Amazon.com Inc. on Thursday said that Alexa, its increasingly popular digital aide that shoppers command by voice, is now programmed to handle a range of tedious office tasks, Reuters reports.
Businesses can buy Alexa devices that help employees dial into conference calls, manage their calendars, find open meeting rooms and order work supplies from Amazon.
“Meetings always start 10 minutes late” due to small technology issues, Amazon’s chief technology officer Werner Vogels said at the company’s cloud-computing summit in Las Vegas. “If voice is a natural way of interacting in your home … why don’t we build something that you can actually use at work as well?”
The answer to that question is Amazon’s “Alexa for Business” offering, which lets companies buy Alexa devices like the Echo for employees to share at US$7 per month per gadget. That is a departure from Amazon’s normal requirement that Alexa devices be tied to a shopper’s Prime account to unlock all features.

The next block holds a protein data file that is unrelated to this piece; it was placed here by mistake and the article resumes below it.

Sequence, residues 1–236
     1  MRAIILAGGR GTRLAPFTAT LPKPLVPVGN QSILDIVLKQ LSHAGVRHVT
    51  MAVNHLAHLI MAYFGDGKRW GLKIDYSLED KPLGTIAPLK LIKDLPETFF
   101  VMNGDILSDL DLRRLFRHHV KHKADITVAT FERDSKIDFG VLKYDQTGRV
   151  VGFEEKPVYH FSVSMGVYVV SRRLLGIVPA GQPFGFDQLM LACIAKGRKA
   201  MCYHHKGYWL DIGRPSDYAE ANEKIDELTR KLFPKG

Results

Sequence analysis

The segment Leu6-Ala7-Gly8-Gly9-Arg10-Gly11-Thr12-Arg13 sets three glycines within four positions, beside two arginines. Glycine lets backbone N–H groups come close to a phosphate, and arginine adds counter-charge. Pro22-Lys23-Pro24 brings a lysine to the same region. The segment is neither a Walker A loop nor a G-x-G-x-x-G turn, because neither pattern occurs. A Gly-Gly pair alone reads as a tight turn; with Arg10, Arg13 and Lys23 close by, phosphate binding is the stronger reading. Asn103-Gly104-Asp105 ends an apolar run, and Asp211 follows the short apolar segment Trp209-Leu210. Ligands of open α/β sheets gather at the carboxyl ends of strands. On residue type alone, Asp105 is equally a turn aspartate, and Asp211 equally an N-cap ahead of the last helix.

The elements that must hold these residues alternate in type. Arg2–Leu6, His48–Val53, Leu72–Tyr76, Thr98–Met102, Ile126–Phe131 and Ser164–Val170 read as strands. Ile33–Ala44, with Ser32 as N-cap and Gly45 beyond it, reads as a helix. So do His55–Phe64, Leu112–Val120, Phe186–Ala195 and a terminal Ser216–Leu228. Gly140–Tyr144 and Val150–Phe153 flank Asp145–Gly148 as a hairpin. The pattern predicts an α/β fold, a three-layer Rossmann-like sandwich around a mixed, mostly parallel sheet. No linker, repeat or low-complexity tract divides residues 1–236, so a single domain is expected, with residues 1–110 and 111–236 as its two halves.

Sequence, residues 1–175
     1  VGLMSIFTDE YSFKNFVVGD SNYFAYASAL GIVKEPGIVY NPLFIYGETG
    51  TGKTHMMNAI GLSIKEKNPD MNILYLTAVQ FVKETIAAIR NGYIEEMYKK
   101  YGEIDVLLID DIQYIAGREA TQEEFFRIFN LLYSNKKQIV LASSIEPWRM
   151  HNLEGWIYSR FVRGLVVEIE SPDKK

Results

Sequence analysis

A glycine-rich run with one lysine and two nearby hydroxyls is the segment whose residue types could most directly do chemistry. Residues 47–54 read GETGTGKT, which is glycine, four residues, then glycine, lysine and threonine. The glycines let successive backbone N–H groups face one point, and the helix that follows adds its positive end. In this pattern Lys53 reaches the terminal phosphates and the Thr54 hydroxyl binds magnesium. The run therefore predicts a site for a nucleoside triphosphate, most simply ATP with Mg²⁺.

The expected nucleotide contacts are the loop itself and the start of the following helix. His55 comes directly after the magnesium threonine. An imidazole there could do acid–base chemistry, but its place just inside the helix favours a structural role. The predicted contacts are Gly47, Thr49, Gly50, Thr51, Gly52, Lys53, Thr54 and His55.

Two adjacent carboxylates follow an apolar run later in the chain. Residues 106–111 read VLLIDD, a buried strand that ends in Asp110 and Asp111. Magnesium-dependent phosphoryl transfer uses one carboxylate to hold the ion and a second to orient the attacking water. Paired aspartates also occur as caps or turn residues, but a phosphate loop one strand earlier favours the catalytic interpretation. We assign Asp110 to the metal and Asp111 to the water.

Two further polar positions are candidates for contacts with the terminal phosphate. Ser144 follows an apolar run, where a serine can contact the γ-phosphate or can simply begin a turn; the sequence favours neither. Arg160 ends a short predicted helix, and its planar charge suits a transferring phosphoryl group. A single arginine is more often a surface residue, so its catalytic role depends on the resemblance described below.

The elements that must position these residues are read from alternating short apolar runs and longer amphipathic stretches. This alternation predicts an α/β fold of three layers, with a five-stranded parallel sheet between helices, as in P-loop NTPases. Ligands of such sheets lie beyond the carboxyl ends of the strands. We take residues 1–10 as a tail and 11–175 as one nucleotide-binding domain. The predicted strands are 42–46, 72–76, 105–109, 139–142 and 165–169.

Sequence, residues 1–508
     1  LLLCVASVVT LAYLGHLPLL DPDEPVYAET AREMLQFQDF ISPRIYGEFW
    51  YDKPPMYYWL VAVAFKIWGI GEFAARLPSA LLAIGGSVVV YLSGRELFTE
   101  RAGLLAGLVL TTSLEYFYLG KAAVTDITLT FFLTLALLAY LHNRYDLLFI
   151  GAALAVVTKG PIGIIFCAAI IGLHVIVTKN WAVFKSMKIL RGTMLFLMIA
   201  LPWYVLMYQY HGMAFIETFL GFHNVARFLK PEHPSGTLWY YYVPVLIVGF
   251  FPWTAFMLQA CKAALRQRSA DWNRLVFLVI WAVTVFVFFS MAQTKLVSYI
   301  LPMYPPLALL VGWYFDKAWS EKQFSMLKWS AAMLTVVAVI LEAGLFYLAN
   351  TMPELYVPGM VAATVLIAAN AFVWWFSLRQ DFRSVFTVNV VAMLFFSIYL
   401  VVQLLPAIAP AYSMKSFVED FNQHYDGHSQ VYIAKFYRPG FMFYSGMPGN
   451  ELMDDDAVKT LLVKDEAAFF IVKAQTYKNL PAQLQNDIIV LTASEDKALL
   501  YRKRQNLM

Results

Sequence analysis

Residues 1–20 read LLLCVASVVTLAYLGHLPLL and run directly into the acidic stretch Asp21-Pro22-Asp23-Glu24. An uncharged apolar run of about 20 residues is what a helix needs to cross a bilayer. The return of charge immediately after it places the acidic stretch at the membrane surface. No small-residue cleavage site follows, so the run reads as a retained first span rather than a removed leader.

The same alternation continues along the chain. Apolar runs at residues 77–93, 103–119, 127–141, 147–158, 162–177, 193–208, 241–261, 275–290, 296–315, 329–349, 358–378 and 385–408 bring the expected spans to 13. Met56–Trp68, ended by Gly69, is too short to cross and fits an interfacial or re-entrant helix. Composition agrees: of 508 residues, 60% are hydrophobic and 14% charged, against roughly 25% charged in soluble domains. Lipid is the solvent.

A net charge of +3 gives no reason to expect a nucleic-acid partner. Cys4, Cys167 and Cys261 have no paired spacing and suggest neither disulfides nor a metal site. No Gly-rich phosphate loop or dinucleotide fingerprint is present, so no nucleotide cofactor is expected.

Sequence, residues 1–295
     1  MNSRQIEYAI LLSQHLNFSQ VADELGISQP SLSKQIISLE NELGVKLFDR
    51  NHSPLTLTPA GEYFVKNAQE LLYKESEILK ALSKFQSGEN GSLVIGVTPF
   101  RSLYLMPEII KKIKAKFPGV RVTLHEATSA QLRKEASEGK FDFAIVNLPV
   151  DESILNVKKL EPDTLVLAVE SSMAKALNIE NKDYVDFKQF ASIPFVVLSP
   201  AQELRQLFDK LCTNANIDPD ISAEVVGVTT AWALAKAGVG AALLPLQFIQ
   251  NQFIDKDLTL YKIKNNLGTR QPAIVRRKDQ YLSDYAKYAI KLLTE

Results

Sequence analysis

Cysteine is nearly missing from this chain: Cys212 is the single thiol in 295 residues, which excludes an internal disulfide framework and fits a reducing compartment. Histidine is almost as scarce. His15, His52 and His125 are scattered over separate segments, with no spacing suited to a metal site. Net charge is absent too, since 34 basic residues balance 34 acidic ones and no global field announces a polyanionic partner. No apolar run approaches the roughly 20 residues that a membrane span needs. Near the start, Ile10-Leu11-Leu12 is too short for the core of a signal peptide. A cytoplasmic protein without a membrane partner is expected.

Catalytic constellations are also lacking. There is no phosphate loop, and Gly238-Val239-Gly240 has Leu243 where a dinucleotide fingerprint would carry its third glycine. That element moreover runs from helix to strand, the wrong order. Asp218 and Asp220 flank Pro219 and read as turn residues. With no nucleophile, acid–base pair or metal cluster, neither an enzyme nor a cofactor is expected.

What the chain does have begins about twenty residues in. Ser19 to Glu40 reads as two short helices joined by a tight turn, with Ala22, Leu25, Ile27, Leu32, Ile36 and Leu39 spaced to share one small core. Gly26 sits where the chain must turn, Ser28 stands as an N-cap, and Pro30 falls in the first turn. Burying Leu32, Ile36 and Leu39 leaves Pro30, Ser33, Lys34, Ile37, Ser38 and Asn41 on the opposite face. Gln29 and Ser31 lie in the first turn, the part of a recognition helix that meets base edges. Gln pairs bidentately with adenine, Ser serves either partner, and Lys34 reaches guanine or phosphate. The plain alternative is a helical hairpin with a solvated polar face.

Businesses also can enroll employees’ home devices into their Alexa networks for US$3 per month per user. The service lets companies centrally provision and manage devices for their organizations.
The move adds to Amazon’s competition with Microsoft Corp, which bought internet phone and video chat company Skype in 2011 with hopes of improving communications at work. Microsoft has also recently courted businesses with applications of its own voice technology, with programs that convert audio into text and vice versa.
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